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Java Annotations

Java Annotation is a tag that represents the metadata i.e. attached with class, interface, methods or fields to indicate some additional information which can be used by java compiler and JVM.

Annotations in Java are used to provide additional information, so it is an alternative option for XML and Java marker interfaces.

First, we will learn some built-in annotations then we will move on creating and using custom annotations.

Built-In Java Annotations

There are several built-in annotations in Java. Some annotations are applied to Java code and some to other annotations.

Built-In Java Annotations used in Java code

  • @Override
  • @SuppressWarnings
  • @Deprecated

Built-In Java Annotations used in other annotations

  • @Target
  • @Retention
  • @Inherited
  • @Documented

Understanding Built-In Annotations

Let's understand the built-in annotations first.


@Override annotation assures that the subclass method is overriding the parent class method. If it is not so, compile time error occurs.

Sometimes, we does the silly mistake such as spelling mistakes etc. So, it is better to mark @Override annotation that provides assurity that method is overridden.

Test it Now
Output:Comple Time Error


@SuppressWarnings annotation: is used to suppress warnings issued by the compiler.

Test it Now
Now no warning at compile time.

If you remove the @SuppressWarnings("unchecked") annotation, it will show warning at compile time because we are using non-generic collection.


@Deprecated annoation marks that this method is deprecated so compiler prints warning. It informs user that it may be removed in the future versions. So, it is better not to use such methods.

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At Compile Time:

Note: uses or overrides a deprecated API.
Note: Recompile with -Xlint:deprecation for details.

At Runtime:

hello n

Java Custom Annotations

Java Custom annotations or Java User-defined annotations are easy to create and use. The @interface element is used to declare an annotation. For example:

Here, MyAnnotation is the custom annotation name.

Points to remember for java custom annotation signature

There are few points that should be remembered by the programmer.

  1. Method should not have any throws clauses
  2. Method should return one of the following: primitive data types, String, Class, enum or array of these data types.
  3. Method should not have any parameter.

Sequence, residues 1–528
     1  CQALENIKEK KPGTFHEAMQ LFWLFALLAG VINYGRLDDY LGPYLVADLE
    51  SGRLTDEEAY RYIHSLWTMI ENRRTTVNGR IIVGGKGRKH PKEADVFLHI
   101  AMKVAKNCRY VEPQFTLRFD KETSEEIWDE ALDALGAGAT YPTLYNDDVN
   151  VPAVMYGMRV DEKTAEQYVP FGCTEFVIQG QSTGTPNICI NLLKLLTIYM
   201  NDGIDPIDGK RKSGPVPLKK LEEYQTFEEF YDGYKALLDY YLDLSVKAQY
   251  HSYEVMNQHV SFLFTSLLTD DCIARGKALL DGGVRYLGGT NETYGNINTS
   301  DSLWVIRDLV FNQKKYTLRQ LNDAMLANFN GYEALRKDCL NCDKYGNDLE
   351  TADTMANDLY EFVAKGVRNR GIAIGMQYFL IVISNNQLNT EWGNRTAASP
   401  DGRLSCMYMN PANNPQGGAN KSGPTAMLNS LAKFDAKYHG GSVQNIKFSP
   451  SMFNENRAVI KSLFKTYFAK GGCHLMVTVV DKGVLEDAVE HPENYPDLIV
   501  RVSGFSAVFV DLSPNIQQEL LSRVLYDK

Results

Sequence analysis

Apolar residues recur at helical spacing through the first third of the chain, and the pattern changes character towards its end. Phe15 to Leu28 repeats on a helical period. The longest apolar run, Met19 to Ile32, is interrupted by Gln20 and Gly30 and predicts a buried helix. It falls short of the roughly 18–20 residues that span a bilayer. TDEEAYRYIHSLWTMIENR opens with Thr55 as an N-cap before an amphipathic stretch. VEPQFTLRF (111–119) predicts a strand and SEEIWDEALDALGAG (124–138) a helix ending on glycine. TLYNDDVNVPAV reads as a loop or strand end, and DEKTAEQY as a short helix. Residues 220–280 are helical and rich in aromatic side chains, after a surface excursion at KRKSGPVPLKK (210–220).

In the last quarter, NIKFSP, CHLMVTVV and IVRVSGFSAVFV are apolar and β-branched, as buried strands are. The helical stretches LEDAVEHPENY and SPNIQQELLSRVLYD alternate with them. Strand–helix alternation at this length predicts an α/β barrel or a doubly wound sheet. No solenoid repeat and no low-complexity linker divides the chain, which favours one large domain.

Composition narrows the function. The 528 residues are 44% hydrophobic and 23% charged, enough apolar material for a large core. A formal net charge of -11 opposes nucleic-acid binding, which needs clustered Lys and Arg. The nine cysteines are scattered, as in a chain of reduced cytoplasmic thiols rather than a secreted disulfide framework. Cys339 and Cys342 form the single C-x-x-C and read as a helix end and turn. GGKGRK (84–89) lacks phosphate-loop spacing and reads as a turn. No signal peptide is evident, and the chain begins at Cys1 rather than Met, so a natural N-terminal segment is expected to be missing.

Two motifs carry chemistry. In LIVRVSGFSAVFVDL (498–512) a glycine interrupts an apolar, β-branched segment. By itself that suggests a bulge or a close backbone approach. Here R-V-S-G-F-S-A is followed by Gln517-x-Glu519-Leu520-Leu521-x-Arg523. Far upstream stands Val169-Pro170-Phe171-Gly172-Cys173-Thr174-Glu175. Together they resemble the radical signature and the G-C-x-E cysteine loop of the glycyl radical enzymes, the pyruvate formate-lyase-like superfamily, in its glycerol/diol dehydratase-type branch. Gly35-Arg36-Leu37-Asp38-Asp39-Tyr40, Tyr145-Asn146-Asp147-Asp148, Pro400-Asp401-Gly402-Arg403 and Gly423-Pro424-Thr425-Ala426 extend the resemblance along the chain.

4. We should attach @ just before interface keyword to define annotation.
  5. It may assign a default value to the method.

Types of Annotation

There are three types of annotations.

  1. Marker Annotation
  2. Single-Value Annotation
  3. Multi-Value Annotation
Java Annotation Types

1) Marker Annotation

An annotation that has no method, is called marker annotation. For example:

The @Override and @Deprecated are marker annotations.

2) Single-Value Annotation

An annotation that has one method, is called single-value annotation. For example:

We can provide the default value also. For example:

How to apply Single-Value Annotation

Let's see the code to apply the single value annotation.

The value can be anything.

3) Multi-Value Annotation

An annotation that has more than one method, is called Multi-Value annotation. For example:

We can provide the default value also. For example:

How to apply Multi-Value Annotation

Let's see the code to apply the multi-value annotation.

Built-in Annotations used in custom annotations in java

  • @Target
  • @Retention
  • @Inherited
  • @Documented


@Target tag is used to specify at which type, the annotation is used.

The java.lang.annotation.ElementType enum declares many constants to specify the type of element where annotation is to be applied such as TYPE, METHOD, FIELD etc. Let's see the constants of ElementType enum:

Element Types Where the annotation can be applied
TYPE class, interface or enumeration
FIELD fields
METHOD methods
CONSTRUCTOR constructors
LOCAL_VARIABLE local variables
ANNOTATION_TYPE annotation type
PARAMETER parameter

Example to specify annoation for a class

Example to specify annotation for a class, methods or fields


@Retention annotation is used to specify to what level annotation will be available.

RetentionPolicy Availability
RetentionPolicy.SOURCE refers to the source code, discarded during compilation. It will not be available in the compiled class.
RetentionPolicy.CLASS refers to the .class file, available to java compiler but not to JVM . It is included in the class file.
RetentionPolicy.RUNTIME refers to the runtime, available to java compiler and JVM .

Example to specify the RetentionPolicy

Example of custom annotation: creating, applying and accessing annotation

Let's see the simple example of creating, applying and accessing annotation.


Test it Now
Output:value is: 10

How built-in annotaions are used in real scenario?

In real scenario, java programmer only need to apply annotation. He/She doesn't need to create and access annotation. Creating and Accessing annotation is performed by the implementation provider. On behalf of the annotation, java compiler or JVM performs some additional operations.


By default, annotations are not inherited to subclasses. The @Inherited annotation marks the annotation to be inherited to subclasses.


The @Documented Marks the annotation for inclusion in the documentation.

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